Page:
Senate HELP Committee Holds First Mental Health, Substance Use Hearing of the Year
Last week, the Senate Health, Education, Labor and Pensions (HELP) Committee held a hearing with three top government officials to discuss priorities, challenges, and opportunities facing the mental health and substance use treatment community. This is the first in a series of hearings examining the federal government’s role in supporting and funding behavioral health programming. Key issues raised during the hearing include: the results of the RAISE study, federal efforts surrounding suicide prevention, and the cultivation of the behavioral health workforce.
The witness panel included Kana Enomoto, Acting Administrator of the Substance Abuse and Mental Health Services Administration (SAMHSA); Jim Macrae, Acting Administrator of the Health Resources and Services Administration (HRSA); and Dr. Tom Insel, Director of the National Institute of Mental Health (NIMH).
Of the many topics discussed, the highlights of the hearing include:
- The impact of the RAISE study results. The RAISE (Recovery After an Initial Schizophrenia Episode) study is the first of its kind to focus on early intervention treatment. The study put together a range of interventions in a coordinated specialty care model for youth and young adults experiencing an early onset of psychosis. The study compared new treatments with traditional forms of care. After finding results of the study to be promising, NIMH is working with SAMHSA to expand RAISE-based programs, including increasing federal investment in the development of psychosis treatment services.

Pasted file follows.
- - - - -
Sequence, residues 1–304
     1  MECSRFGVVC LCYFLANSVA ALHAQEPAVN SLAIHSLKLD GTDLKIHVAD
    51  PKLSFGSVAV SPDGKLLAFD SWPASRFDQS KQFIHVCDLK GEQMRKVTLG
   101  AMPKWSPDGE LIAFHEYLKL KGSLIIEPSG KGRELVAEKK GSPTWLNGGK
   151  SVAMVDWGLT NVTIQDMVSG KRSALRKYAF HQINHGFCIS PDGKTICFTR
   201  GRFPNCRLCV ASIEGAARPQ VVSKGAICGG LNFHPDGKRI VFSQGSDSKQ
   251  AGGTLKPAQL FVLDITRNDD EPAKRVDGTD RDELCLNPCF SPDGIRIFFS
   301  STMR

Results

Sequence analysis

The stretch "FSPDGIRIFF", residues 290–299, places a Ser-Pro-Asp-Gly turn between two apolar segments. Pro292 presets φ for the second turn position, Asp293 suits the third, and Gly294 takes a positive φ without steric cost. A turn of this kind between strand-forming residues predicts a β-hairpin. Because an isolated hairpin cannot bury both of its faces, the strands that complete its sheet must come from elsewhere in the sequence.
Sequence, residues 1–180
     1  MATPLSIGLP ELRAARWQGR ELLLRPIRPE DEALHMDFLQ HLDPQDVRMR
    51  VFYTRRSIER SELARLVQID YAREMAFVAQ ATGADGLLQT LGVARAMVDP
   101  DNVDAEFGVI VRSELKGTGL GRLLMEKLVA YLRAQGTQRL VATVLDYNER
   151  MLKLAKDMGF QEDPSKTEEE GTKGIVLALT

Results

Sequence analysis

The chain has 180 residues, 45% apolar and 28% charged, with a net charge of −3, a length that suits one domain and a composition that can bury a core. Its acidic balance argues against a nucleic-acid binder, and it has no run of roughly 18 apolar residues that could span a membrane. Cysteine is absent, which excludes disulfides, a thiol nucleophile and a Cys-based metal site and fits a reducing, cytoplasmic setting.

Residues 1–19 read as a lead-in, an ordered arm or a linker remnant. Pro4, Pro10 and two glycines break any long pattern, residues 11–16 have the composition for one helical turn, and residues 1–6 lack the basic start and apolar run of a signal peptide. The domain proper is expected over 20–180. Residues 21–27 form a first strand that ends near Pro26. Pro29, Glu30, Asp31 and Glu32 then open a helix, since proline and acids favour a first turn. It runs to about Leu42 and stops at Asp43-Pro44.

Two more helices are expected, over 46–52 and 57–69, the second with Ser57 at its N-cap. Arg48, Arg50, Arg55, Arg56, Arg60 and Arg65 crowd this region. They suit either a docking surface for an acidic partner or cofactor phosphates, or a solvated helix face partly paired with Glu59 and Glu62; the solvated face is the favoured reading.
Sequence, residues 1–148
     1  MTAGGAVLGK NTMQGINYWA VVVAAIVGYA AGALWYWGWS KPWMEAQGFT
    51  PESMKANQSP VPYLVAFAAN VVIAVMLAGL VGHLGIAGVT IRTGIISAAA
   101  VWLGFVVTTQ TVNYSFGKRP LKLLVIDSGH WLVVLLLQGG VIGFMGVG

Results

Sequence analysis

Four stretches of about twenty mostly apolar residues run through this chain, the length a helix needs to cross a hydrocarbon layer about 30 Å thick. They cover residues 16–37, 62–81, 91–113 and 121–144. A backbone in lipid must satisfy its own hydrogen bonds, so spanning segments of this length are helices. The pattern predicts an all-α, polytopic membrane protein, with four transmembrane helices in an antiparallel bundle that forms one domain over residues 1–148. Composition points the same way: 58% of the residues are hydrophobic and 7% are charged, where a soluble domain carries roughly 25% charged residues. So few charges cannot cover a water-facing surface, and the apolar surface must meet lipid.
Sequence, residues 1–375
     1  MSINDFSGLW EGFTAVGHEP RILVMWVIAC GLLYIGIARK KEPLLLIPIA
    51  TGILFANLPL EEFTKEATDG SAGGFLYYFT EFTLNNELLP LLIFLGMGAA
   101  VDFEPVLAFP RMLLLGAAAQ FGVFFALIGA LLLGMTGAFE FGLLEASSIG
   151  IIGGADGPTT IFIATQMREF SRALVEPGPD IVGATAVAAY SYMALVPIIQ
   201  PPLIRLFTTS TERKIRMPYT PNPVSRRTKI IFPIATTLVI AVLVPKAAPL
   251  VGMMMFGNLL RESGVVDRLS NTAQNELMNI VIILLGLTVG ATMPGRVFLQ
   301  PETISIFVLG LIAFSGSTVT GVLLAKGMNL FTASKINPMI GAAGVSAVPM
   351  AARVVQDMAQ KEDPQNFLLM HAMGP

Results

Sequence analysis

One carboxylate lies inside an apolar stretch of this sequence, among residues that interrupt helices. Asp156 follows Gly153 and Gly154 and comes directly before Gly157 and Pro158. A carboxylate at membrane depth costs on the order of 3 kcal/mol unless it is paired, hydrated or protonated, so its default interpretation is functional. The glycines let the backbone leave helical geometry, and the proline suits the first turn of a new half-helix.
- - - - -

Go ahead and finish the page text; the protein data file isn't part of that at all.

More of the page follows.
- Federal efforts surrounding suicide prevention. Senator Johnny Isakson (R-GA) noted how timely intervention and quickly connecting individuals to mental health counselors is paramount to suicide prevention. Acting Administrator Enomoto cited progress in “Zero Suicide” models, a framework for systematic, clinical suicide prevention in primary and behavioral health care systems. Suicide prevention efforts across these agencies include: SAMHSA’s Suicide Lifeline, NIMH’s research into early intervention, and HRSA’s work on model contract language to ease veterans’ access to care.
- Efforts to enhance and grow the behavioral health workforce. Acting Administrator Macrae stated that half of staffing requests from community mental health centers are for mental health practitioners. Macrae reiterated HRSA’s focus on health integration as well as the need for recruiting more providers to ensuring patients have the necessary access to care. Senator Chris Murphy (D-CT) noted the need for federal agencies to investigate whether additional providers were necessary to increase patient access or whether instead having access to a greater variety of behavioral health professionals could alleviate the workforce shortage.
Additional topics covered in the two-hour hearing included: the extraordinary cost of co-occurring disorders, insurers’ compliance with parity requirements, and telehealth.
The Senate HELP Committee will convene a second behavioral health hearing on November 19 to discuss the ongoing national opioid epidemic and federal efforts to address it.